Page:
Court Opinions: Colorado Court of Appeals Opinions for June 1

Editor’s Note: Law Week Colorado edits court opinion summaries for style and, when necessary, length.

People v. Toro-Ospina

The Colorado Court of Appeals unanimously affirmed a judgment involving felony menacing. 

Luis Toro-Ospina was charged with two counts of felony menacing after he was accused of being involved in a confrontation that involved his gun. The jury returned guilty verdicts on both menacing counts and corresponding sentence enhancers. 

Toro-Ospina appealed, asserting the trial court erred denying his request to add questions concerning prospective jurors’ race to a jury questionnaire and denying his tendered implicit bias jury instruction.

The Colorado Court of Appeals needed to decide whether a trial court is required to ask prospective jurors to disclose their race or ethnicity when requested by a party. The division also had to decide whether a trial court must provide the jury with an implicit bias instruction when requested by one of the parties. 

The appeals court concluded the trial court isn’t required to ask a race/ethnicity question and isn’t required to provide an implicit bias instruction. The appeals court wrote the decision to ask such a question or provide an implicit bias instruction is entrusted to the trial court’s discretion. The appeals court found the trial court didn’t abuse that discretion by declining to ask the question or give the instruction in the case.

The judgment was affirmed. 

People v. Gallegos

The Colorado Court of Appeals unanimously affirmed a judgment in part, reversed in part and remanded a case involving the felony murder affirmative defense.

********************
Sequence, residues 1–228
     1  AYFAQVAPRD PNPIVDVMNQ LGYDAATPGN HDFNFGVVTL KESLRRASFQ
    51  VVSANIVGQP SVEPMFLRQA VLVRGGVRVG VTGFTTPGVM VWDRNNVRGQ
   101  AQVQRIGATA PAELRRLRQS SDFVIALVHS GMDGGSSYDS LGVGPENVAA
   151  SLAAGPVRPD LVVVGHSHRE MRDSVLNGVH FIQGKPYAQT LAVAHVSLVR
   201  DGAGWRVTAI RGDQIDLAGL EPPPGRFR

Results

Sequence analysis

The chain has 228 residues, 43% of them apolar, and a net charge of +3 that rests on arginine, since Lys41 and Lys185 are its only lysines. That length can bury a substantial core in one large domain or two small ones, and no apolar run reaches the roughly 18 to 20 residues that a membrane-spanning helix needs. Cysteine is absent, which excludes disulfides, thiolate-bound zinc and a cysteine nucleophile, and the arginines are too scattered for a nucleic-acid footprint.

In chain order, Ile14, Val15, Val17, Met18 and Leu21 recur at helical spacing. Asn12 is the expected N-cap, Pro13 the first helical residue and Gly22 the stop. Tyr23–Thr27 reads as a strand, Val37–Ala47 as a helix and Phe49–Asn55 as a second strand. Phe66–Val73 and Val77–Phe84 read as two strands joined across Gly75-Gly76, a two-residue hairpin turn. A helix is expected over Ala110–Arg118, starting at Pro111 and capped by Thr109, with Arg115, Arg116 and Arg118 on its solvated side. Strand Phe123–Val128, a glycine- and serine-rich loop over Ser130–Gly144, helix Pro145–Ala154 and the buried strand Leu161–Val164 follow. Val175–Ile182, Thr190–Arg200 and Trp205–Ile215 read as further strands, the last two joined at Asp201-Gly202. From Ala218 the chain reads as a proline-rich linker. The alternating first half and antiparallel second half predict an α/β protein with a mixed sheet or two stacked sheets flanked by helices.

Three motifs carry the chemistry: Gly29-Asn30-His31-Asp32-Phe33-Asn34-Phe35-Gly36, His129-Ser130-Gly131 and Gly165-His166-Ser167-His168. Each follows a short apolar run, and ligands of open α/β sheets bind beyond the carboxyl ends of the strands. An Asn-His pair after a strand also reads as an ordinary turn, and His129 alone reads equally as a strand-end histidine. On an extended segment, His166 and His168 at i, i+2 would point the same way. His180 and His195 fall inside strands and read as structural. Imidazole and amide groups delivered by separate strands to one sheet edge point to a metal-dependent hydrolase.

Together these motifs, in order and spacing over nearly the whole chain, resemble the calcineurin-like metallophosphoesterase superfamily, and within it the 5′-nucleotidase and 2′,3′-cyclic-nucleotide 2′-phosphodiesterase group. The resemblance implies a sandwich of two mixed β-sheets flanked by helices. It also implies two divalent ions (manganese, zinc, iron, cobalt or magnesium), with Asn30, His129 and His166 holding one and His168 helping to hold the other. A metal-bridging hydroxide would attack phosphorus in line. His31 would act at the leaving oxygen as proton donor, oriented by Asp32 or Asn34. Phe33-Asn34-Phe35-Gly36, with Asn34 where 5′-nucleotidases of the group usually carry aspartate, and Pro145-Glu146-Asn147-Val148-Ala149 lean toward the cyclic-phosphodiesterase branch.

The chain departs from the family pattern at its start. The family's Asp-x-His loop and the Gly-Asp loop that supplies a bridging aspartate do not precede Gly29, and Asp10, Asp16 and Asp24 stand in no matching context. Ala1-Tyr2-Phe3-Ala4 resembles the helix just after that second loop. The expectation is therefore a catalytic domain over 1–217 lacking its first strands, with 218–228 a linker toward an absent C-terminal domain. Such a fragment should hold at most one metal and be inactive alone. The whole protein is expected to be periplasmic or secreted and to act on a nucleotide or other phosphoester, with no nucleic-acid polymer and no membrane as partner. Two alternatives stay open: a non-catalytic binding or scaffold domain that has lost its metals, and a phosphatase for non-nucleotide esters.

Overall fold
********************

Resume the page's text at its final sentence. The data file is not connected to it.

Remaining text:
According to the appeals court opinion, Kenneth Gallegos and three others, his then-girlfriend Julianna Serrano, Dominic Stager and Demarea Mitchell, drove to the home of L.C., from whom Serrano had arranged to purchase vape supplies.

L.C. had agreed to sell the supplies to Serrano, but the group planned to take them without paying, according to the opinion. The prosecutor and defense disputed Gallegos’ role in developing and having advanced knowledge of the plan.

L.C. approached the car where the group was sitting and asked for payment. Gallegos, Stager and Mitchell got out of the vehicle. Stager slid a gun he brought to Mitchell who grabbed it and approached L.C. Mitchell and L.C. began fighting and L.C. wrestled Mitchell to the ground and kneeled on top of him. Mitchell was accused of shooting L.C., who ran into his house screaming as the group reentered the car and, with Gallegos allegedly behind the wheel, drove off. L.C. ended up dying from the gunshot wound.

Each member of the group was charged in the case. In exchange for plea deals, Serrano and Stager agreed to testify for prosecutors at Gallegos’ trial. Gallegos was found guilty by a jury of felony murder, attempted aggravated robbery, conspiracy to commit aggravated robbery and attempted theft of less than $50.

Gallegos appealed, contending the trial court committed reversible error by refusing to instruct the jury on the affirmative defense of felony murder.

The appeals court wrote the case brought forward an unresolved issue in Colorado: whether a defendant can assert the felony murder affirmative defense despite denying they committed the predicate felony and thus denying they committed felony murder.

Prosecutors contended a defendant isn’t entitled to an affirmative defense instruction if they deny committing the charged crime. According to the opinion, the prosecutors argued a defendant charged with felony murder must acknowledge the conduct giving rise to that crime, including conduct giving rise to the predicate felony, before they can assert the felony murder affirmative defense.